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Taliban Spring Offensive bloodbath begins as militants seize district near Kabul before US Army has even left country

CHAOS REIGNS

TALIBAN militants have captured a district near Kabul as part of their bloodthirsty spring offensive – months before the US is scheduled to leave Afghanistan.

The extremists killed or captured some government soldiers and forced others to retreat after storming the area, which lies in Wardak province less than an hour's drive from the capital.

Government forces have been struggling against stepped-up attacks by the insurgents as American troops withdraw after two decades of fighting in the country.

Wardak mayor Zarifa Ghafari said that if the district was not retaken soon, fighting would reach the gates of Kabul in a few days.

The defence ministry said today special forces have been deployed in the area to retake the district after troops made a "tactical retreat" on Tuesday.

A senior government official said they aimed to regain control before a three-day ceasefire announced by the Taliban for the Muslim religious holiday of Eid, which starts tomorrow.

"We will have to do it today because after the ceasefire, it will give the Taliban enough time to dig in and will complicate the operations and increase our casualties," the official said, speaking on condition of anonymity.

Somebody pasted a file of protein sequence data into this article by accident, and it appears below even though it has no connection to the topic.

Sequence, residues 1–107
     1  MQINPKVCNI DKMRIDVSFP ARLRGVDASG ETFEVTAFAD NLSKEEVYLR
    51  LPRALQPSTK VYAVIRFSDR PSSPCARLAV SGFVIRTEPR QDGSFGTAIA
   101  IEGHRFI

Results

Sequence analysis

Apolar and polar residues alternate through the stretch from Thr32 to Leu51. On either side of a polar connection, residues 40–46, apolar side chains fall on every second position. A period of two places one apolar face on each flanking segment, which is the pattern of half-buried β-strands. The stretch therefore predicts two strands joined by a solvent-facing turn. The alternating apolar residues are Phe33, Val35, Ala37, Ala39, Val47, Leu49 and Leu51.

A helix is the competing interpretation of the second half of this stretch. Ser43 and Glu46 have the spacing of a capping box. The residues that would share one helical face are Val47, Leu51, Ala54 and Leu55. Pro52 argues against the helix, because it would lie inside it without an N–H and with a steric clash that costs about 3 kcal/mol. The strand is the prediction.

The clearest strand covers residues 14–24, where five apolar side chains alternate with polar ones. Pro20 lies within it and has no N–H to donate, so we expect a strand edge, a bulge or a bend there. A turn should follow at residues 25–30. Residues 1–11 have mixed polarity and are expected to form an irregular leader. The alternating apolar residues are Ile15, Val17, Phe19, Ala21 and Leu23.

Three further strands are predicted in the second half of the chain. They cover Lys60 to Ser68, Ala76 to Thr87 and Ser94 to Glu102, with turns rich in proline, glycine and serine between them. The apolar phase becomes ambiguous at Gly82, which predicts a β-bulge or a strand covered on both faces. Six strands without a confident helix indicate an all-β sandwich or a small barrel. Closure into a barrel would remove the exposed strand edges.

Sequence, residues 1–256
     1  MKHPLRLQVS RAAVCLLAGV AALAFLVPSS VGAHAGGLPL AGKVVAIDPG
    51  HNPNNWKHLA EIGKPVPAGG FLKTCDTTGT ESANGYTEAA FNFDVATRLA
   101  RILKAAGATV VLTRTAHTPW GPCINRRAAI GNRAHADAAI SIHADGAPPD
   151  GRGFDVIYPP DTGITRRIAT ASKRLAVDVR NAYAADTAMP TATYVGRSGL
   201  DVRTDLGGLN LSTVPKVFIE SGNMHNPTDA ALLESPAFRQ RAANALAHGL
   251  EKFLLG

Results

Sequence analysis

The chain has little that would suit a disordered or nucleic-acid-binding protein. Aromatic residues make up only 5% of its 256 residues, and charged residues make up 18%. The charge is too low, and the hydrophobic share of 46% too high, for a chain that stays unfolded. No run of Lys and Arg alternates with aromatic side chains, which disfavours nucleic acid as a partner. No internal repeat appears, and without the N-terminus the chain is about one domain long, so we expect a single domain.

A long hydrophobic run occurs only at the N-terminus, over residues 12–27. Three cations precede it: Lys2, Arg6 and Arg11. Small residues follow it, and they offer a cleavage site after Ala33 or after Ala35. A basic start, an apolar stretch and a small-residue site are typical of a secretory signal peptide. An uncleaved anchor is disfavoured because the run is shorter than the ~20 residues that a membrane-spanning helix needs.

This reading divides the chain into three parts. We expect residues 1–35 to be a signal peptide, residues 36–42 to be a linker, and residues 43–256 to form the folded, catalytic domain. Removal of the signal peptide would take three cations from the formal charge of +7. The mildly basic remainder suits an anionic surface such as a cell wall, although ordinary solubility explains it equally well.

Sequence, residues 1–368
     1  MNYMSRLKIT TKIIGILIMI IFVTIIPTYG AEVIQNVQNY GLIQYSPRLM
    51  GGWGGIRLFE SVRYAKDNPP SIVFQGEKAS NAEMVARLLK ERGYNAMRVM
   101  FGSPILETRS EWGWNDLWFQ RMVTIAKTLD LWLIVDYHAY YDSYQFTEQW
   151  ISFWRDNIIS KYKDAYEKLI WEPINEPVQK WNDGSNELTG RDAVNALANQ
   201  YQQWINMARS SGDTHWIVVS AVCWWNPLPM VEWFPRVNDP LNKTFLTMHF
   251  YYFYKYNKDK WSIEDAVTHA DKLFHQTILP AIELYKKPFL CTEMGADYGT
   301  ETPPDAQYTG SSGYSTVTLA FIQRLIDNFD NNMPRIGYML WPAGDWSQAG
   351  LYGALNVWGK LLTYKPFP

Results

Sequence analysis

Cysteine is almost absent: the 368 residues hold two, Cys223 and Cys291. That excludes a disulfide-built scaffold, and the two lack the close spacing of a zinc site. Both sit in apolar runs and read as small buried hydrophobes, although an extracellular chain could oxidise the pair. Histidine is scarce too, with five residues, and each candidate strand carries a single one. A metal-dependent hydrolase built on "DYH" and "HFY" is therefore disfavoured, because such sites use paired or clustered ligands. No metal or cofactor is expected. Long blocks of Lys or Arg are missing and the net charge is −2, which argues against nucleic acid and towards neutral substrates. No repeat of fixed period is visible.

The government carried out air strikes at the start of the operation, the defence ministry said.

CASUALTIES OF WAR

America's operations in Afghanistan - launched after the 9/11 attacks - have come at great cost.

19: Years since war against al-Qaeda and the Taliban started in October 2001.

2,305: Number of US personnel who have died in Afghanistan since 2001.

20,320: Number of US personnel wounded in action.

110,000: Total number of US troops in Afghanistan at the height of deployment in 2011.

$778bn: Total US military expenditure in Afghanistan from 2001 to 2019. Another $44bn has gone on reconstruction projects.

Taliban insurgents have maintained a strong presence in Wardak and nearby Logar province to the south over the years.

Afghan officials say the group have used the provinces as launchpads for hit-and-run attacks and suicide bombings on Kabul.

The Taliban has staged a months-long campaign to expand its influence across the country as the United States has begun withdrawing troops from May 1 and closed some bases in keeping with a peace deal it signed with the hardline group last year.

Officials say since Washington announced plans last month to pull out all troops by September 11, the Taliban have stepped up attacks.

Critics of the decision to withdraw say the Islamist militants will try to sweep back into power.

US-led forces ousted the Taliban from power in late 2001 for sheltering the al-Qaeda militants involved in the September 11 attacks on New York and Washington DC.

Hillary Clinton slams Biden's withdrawal of US troops from Afghanistan and warns of 'consequences' after Taliban warning

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